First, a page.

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State v. James

Court of Appeals of Louisiana, Fourth Circuit

November 6, 2019

STATE OF LOUISIANA
v.
TERRANCE JAMES

          APPLICATION FOR WRITS DIRECTED TO CRIMINAL DISTRICT COURT ORLEANS PARISH NO. 416-136, SECTION "E" Honorable Keva M. Landrum-Johnson, Judge

          Terrance James, RELATOR/PRO SE DEFENDANT

          Leon Cannizzaro DISTRICT ATTORNEY Donna Andrieu Chief of Appeals COUNSEL FOR THE STATE OF LOUISIANA/APPELLEE

          Court composed of Judge Terri F. Love, Judge Sandra Cabrina Jenkins, Judge Regina Bartholomew-Woods

          JENKINS, J., DISSENTS WITH REASONS

          REGINA BARTHOLOMEW-WOODS, JUDGE

         Relator seeks supervisory review of the district court's August 5, 2019 ruling denying his application for post-conviction relief as untimely pursuant to La. C.Cr.P. art. 930.8(A). Relator argues that his plea of guilty for a violation of La. R.S. 122 has been invalidated by Seals v. McBee, 898 F.3d 587 (5th Cir. 2018), which held that "insofar as it criminalizes 'threats,' [La. R.S.] 14:122 is unconstitutionally overbroad." Because we find, for the reasons to follow, that Relator's application for post-conviction relief is timely pursuant to La. C.Cr.P. arts. 930.3 (5) and 930.8(A)(2) and that Seals is retroactive in application, we grant the writ, reverse the ruling of the trial court, and vacate Relator's conviction in violation of La. R.S. 14:122.

         FACTUAL BACKGROUND AND PROCEDURAL HISTORY

         Relator pleaded guilty[1] to count one: possession of cocaine, in violation of La. R.S. 40:967, and count two: public intimidation, in violation of La. R.S. 14:122.[2]

         DISCUSSION

         Relator asserts that, while being arrested for possession of cocaine, he threatened to have the officers fired for beating and pepper spraying him. Relator further asserts that he did not use force or violence when resisting arrest. Similarly, in Seals, the defendant asserted that he was pepper sprayed, verbally objected to his arrest, and threatened to make complaints about the officer's conduct. Recognizing such threats as "part of the core First Amendment rights 'by which we distinguish [our] free nation from a police state, '" the United States Court of Appeals, Fifth Circuit held La. R.S. 14:122's criminalization of such threats unconstitutionally overbroad.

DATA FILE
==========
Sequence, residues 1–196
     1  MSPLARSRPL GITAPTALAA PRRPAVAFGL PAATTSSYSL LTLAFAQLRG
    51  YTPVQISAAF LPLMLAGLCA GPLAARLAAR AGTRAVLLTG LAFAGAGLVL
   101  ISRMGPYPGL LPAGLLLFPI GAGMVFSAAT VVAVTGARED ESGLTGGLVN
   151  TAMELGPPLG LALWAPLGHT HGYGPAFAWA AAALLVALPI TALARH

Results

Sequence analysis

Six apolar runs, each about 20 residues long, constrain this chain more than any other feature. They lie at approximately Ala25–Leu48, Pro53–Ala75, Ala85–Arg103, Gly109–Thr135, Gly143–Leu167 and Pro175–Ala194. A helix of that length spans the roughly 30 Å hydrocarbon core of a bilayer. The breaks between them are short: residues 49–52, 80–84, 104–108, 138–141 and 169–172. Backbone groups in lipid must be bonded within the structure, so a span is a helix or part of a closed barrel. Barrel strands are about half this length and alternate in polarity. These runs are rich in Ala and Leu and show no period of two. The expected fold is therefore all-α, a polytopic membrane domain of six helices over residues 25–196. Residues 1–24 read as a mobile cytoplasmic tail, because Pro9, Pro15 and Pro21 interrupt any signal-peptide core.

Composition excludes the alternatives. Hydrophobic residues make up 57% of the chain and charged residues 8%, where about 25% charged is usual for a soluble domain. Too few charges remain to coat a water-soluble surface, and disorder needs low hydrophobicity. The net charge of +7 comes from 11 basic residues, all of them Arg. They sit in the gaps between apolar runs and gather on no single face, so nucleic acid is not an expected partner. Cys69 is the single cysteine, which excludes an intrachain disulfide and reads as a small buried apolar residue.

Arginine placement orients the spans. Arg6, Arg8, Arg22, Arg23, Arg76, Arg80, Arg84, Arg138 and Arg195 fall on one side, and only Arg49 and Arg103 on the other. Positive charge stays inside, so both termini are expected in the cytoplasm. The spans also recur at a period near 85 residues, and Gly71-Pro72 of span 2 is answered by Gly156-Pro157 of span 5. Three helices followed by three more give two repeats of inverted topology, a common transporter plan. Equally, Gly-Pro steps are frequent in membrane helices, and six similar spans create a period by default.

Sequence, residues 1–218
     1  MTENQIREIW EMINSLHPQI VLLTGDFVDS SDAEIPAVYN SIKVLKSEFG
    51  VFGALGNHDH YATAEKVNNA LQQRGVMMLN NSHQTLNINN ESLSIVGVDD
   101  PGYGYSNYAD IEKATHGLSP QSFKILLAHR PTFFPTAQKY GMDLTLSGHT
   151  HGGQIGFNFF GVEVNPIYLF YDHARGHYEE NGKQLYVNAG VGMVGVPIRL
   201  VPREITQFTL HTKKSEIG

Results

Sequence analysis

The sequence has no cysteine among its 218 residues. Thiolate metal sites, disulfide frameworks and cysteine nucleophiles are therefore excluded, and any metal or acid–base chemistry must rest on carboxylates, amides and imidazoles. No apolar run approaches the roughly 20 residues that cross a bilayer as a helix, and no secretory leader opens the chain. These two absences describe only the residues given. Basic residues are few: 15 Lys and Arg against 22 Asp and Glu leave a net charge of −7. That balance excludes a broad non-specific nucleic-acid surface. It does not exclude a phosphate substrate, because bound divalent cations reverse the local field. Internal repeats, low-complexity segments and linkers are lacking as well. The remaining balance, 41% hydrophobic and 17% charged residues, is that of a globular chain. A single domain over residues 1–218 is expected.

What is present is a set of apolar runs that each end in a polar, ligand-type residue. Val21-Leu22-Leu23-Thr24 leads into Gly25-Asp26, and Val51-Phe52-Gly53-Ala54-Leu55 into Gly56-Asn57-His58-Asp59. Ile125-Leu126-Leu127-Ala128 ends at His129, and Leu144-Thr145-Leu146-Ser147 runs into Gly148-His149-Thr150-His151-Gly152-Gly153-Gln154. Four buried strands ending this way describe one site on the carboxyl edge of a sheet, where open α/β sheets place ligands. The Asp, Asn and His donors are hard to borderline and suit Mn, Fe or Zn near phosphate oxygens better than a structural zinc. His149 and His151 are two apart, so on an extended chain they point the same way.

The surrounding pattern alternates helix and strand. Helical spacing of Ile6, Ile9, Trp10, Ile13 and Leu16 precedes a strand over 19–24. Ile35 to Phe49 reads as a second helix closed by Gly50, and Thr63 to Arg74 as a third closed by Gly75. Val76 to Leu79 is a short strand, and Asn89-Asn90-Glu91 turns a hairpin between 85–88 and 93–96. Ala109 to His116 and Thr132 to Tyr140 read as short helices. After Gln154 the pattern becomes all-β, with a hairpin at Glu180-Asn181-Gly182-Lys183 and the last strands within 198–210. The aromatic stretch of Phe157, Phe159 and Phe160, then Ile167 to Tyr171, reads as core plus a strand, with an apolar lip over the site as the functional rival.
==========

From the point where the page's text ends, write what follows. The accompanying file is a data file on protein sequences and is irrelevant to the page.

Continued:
Timeliness

         While the district court, in its August 5, 2019 judgment denying Relator's application for post-conviction relief, stated that Relator's application was time-barred by La.C.Cr.P. art. 930.8(A)(2), Relator asserted that his application for post-conviction relief is timely pursuant to La.C.Cr.P. arts. 930.3(5)[3] and 930.8(A)(2)[4]. Relator further argues that, in accordance with La.C.Cr.P. art. 930.8(A)(2), Seals is a final ruling by an appellate court, specifically, the United States Court of Appeals, Fifth Circuit, and that his application for post-conviction relief was filed in June 2019, within one (1) year of the Seals decision in August 2018.[5] Relator further argues that his application for post-conviction relief should be granted pursuant to La.C.Cr.P. art. 930.3(5). Although Relator has completed his sentence, the Louisiana Supreme Court has held that "[t]he fact that one convicted of a crime has served his sentence does not render a subsequent attack on a constitutionally invalid conviction moot where the conviction is attended with collateral consequences, such as vulnerability to a multip[l]e offender proceeding and a possible enhanced sentence." State ex rel. Becnel v. Blackburn, 410 So.2d 1015, 1017 (La.1982). Relator argues, and we agree, that he, like the petitioner in Becnel, has been convicted of a subsequent offense and has been sentenced as a multiple offender. Thus, making the fact that he has completed his sentence irrelevant to the conclusion we reach today.

         Retroactive ...


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